Clouds In The Head


Project 2 my yoga practice
31 January, 2013, 8:49 am
Filed under: Daily maily

I’ve been putting it off forever but the time has come to start developing my own personal yoga practice. I’ve got a book (given to My Love by a student), lots of resources by such luminaries as Moyer, Iyengar, Farhi, Grzybowski, Yee, Walden, Corne. I’ve got mats, blankets, bolsters, belts, blocks and even as of Christmas (thanks Nini & Denis) a back bender I share with My Love.

And I’ve got injuries, difficulties, needs, attitudes …

What I don’t have, despite having a yoga teacher for a wife, is much of an idea about how to proceed. Donna Farhi talks about the necessity of developing one’s own practice and how surprisingly uncommon home practice is for students of regular classes. “While having a teacher’s guidance and outer direction is imperative at many stages of Yoga practice, we make a quantum leap when we begin to direct our own practice.” (I love that use of “quantum” – the tiniest difference in energy possible within an atom’s electron field is used to describe a massive change of state in the macro world.) Ms Farhi talks about the “inner guide” we have to trust, and lists the range of qualities that guide might have.

She makes it sound like an exciting, if at times difficult, adventure. “When we start to practice on our own [she uses the US spelling of “practice”], it is as if we light a fire under ourselves. This fire brings the deep essence of the teachings to the surface. Just as a rich stew, once eaten and digested, becomes a part of our body, when we practice on our own the teachings become a part of us.” She also advises to consider the inner teacher as separate to us, not only to ensure I/he turn up for class every day or so, but also to allow that inner guide not to simply or entirely be a projection of our own self vision. She suggests setting realistic goals, keeping a notebook, starting by following the style or practice of people you admire, incorporate other ideas to keep things fresh, not neglecting the other yoga limbs, making friends with your inner teacher …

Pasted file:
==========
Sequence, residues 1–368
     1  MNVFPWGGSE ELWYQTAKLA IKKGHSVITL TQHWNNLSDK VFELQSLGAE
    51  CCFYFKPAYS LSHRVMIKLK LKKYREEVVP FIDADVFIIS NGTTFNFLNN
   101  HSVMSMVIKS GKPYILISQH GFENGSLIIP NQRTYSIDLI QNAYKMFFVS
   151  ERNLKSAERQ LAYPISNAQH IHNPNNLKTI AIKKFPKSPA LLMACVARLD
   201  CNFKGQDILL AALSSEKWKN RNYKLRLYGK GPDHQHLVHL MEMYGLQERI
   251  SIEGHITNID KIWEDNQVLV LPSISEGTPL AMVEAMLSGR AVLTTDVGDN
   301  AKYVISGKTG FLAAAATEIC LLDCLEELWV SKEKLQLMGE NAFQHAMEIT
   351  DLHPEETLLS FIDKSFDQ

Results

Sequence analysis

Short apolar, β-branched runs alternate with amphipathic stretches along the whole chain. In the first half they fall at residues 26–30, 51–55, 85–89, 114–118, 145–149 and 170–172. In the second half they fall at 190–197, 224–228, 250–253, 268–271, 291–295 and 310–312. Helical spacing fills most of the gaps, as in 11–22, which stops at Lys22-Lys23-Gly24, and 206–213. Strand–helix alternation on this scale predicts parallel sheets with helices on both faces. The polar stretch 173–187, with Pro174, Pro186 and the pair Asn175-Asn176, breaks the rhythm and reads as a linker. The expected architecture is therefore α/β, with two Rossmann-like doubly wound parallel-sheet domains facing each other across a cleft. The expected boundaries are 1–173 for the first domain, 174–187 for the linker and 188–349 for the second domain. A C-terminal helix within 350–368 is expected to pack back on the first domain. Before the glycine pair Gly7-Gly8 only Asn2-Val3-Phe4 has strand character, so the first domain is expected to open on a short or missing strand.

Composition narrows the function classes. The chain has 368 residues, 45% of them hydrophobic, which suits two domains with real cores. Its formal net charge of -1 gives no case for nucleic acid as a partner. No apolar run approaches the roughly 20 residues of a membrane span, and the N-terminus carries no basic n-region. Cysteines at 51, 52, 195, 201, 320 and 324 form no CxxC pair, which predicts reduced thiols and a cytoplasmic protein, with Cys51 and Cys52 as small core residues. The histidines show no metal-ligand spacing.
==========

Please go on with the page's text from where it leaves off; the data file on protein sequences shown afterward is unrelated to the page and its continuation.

“An empty room, a mat, our body, and focused awareness — these are the simple means we use to open to the wholeness that waits within.”

One more gift from the Farhi – all referencing her book Bringing Yoga To Life – is a wonderful chapter on “Intention”, which she likens to the paper upon which the words we are reading are written, structuring and enabling those words to exist. “I cannot stress enough the importance of setting an intention at the beginning of practice, for this sets the stage for all that will follow.”

where it happens

where it happens

I’ll follow up on “intention” later. What might some intentions be? How can one hold onto them? How different might a class with or without an intention feel?

For the moment, given my sprained wrist, I’m gong to start with Donald Moyer’s “Three Diaphragms” practice – leaving out the poses that might hurt my wrist and adding to the poses that won’t. It’ll be about a half hour class and I’ll throw in my first go on the back bender along the way. My intention will be to listen carefully to my body and “be” in the pose with certainty rather than trying to go too far.

Wish me luck.

Update on Project 1 my posture. The hard part is realising and then re-connecting to the better posture – “OMFG I’m all slouchy, wait on, er, let’s see, pelvis, hips, front body, sacrum, er, and I was making tea wasn’t I?” Hopefully the shift will become automatic before too long.

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